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Kawartha Lakes


Owner: Helen and Marcel Lafleur


Web site:

Type of building (home, cottage, studio, cabin): home addition and greenhouse/workshop

Construction method (load-bearing, post and beam, hybrid): home addition is Quebec style load bearing and greenhouse/workshop is post and beam with straw bale veneer

Square footage: home is 1600 and greenhouse/workshop is 832

Stories: home addition is one, greenhouse/workshop is two

Stage of completion: home addition is complete, greenhouse/workshop bale walls and roof are complete

Date of occupancy: home addition 1997, greenhouse/workshop 2002

Other unique systems/features of the building: The house addition has 12 foot high ceilings and a large great room (20 x 32) with tall windows to allow solar warming in winter. The greenhouse can be completely closed off from the workshop space, allowing for a comfortable living temperature. A Solviva design, the greenhouse ought to be self heating and cooling when completed in all details.

Builder (owner, contractor, both): home addition by owner, greenhouse/workshop owner with Camel's Back Construction for plaster and Bobcaygeon for timber frame



Engineered components:

Volunteer participation: Four people volunteered for a day to raise the roof beam on the first building

Length of time to build: home addition took 5 months, greenhouse/workshop took 3 months

Foundation method and material(s): Both buildings were built on a floating cement pad which was insulated around the perimeter

Roofing method and material(s): The roof on the house was built of preformed trusses, engineered to size etc, and finished with sheets of OSB board, and asphalt shingles. The greenhouse was roofed with preformed trusses and OSB board, finished with steel.

Bale wall style:

Notes on bale walls (ie, pinned or not, mesh, framing material/style): The house addition walls are loadbearing, and it was built in the Quebec style with bales piled one above the other; the mortar covers all 4 sides and is allowed to set as the work moves on along the wall. No pins, mesh or wood is used in the walls, except for the window framing. The greenhouse was built as a non-loadbearing wall, two stories high. Our greenhouse has a timberframe structure, and a strawbale exterior wall. Light fencing mesh was used to strengthen the walls both sides and stitched to the straw with baling string. No pins were used after the first two rows.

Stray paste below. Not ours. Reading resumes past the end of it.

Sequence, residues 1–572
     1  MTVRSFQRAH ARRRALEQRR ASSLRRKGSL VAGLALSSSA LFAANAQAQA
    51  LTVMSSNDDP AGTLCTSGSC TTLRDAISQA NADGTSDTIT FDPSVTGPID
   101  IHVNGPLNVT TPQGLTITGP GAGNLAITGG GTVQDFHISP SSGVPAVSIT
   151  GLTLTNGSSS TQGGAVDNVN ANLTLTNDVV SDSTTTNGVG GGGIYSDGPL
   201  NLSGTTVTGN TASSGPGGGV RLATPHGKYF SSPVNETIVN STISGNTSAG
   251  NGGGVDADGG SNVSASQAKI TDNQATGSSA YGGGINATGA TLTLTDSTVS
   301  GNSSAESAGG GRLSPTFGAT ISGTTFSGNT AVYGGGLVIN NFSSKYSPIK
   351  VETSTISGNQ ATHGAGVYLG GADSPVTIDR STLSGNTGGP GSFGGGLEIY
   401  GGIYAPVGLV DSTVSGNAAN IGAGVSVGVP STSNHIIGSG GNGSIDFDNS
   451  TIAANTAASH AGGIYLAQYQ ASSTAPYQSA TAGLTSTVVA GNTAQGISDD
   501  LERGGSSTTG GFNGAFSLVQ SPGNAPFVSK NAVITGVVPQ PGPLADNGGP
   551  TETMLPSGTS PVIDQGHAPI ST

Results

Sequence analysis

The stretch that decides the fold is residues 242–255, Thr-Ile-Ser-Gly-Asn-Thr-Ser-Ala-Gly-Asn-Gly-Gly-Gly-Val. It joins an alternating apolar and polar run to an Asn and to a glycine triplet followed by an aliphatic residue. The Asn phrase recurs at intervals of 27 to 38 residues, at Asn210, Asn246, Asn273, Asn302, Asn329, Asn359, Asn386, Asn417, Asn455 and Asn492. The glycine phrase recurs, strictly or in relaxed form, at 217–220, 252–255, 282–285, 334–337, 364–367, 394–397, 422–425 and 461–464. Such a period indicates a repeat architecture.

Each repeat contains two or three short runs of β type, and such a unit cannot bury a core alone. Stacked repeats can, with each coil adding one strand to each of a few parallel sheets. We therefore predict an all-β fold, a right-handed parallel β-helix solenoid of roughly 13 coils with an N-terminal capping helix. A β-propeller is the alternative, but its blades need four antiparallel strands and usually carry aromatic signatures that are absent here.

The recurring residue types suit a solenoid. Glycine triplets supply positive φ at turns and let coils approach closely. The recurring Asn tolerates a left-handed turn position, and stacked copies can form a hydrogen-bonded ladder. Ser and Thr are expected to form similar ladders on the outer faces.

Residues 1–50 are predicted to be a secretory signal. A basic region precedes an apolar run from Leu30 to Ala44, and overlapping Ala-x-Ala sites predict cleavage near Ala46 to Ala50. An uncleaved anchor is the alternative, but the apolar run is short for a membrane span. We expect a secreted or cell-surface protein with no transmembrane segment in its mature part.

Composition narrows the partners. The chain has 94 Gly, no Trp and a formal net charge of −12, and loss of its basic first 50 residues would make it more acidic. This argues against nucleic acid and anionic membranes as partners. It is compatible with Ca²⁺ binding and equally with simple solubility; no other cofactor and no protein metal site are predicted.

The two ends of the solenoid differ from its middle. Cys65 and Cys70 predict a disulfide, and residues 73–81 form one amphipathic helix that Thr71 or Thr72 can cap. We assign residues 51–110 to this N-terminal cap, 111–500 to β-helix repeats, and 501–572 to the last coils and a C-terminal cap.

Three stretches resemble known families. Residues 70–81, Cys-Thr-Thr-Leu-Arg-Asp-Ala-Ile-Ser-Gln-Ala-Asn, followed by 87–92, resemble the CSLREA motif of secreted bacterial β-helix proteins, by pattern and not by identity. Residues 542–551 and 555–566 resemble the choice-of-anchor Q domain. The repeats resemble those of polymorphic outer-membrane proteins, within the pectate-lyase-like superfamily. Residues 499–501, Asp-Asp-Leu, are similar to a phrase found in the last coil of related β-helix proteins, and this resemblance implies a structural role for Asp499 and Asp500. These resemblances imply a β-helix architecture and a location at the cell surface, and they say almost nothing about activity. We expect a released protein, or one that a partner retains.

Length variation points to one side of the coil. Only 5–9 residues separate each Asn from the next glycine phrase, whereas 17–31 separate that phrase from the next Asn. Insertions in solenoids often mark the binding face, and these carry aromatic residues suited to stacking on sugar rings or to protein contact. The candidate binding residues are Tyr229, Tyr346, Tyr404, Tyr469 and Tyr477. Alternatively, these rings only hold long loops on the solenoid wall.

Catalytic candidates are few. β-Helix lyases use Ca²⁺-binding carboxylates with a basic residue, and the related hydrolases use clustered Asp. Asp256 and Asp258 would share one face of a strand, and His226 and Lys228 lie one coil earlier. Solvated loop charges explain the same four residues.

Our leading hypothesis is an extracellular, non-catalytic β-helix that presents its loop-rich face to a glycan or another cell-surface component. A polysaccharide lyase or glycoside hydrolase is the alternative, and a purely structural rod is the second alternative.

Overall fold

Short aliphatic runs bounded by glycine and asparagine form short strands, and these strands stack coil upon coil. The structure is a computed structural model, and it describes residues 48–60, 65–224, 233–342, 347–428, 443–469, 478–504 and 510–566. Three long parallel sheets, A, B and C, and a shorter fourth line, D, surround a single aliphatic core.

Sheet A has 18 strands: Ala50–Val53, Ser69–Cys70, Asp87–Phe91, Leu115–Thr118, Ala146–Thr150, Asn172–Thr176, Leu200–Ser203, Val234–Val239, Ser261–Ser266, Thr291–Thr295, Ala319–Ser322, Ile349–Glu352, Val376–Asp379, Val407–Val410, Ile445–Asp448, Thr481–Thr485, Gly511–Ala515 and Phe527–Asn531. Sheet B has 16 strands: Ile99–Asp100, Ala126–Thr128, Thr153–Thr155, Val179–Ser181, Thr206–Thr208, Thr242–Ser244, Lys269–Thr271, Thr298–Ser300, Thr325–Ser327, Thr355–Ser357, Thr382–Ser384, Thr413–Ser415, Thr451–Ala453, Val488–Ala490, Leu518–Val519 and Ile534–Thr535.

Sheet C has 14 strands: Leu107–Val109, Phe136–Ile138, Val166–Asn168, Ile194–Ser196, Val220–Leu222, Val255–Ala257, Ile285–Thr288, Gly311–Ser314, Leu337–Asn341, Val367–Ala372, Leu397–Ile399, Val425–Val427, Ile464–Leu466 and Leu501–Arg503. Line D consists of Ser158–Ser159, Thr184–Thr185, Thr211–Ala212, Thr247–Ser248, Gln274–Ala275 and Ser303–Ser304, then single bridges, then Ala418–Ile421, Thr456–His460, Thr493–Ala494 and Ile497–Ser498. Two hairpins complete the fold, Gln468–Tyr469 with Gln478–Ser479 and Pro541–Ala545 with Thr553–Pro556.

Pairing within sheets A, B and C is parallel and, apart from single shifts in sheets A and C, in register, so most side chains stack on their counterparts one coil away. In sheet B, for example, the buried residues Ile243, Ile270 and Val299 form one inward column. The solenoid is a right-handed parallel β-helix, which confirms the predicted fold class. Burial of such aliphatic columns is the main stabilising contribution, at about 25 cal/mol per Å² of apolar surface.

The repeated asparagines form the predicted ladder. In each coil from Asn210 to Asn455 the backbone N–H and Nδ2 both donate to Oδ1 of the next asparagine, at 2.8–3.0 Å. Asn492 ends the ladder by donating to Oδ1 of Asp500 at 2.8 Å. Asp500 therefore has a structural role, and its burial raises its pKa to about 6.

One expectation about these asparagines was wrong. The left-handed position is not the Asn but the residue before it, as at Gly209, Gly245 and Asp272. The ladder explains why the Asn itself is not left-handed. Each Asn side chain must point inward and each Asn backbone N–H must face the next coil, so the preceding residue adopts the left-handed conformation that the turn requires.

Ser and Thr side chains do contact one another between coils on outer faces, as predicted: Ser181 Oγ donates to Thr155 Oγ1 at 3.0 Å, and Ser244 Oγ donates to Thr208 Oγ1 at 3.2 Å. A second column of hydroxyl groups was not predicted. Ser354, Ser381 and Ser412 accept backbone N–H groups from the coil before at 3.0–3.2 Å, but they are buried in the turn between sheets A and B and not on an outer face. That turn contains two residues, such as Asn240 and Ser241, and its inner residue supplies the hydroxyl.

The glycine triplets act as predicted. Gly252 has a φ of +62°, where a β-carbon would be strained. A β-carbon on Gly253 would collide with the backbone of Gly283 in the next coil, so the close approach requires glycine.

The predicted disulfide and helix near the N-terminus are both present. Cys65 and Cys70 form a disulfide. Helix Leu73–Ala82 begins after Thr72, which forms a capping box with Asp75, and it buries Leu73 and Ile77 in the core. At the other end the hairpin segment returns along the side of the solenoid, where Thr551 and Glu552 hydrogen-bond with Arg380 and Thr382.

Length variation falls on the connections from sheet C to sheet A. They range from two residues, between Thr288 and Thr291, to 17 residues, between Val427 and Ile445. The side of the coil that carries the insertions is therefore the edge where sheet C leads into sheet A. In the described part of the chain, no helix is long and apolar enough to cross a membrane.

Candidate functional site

Plastering methods/materials: The walls were plastered with two coats of portland and sand, and a mechanical trowel was used to apply it. The house was plastered with cement also, without mesh.

Other insulation materials:

Window style/materials: The house and workshop has mullioned casement windows, and the solar gain was planned carefully. The greenhouse plans include glass and plastic glazing.

Heat source(s): Heating is done with woodstove, and plans are ahead for added solar thermosiphon heating in both buildings.

Cooling source(s): No cooling is needed because the thick walls make it unnecessary.

Electrical source/system: The electrical source is Ontario hydro, with plans to switch to alternative ASAP.

Water collection/distribution system: Well water for drinking and a collection in barrels for the greenhouse.

Sewage collection/disposal system: Septic tanks disposal system, except in greenhouse which will connect with a greywater treatment field of plants.


Cost for per square foot:

Other information you'd like to share: Building in strawbale has allowed us to have airy spacious buildings at less than conventional structures would cost. We like it and believe it to be the solution for timbered areas with a dry climate such as California and British Columbia; bale houses are less flammable because they are virtually fireproof.




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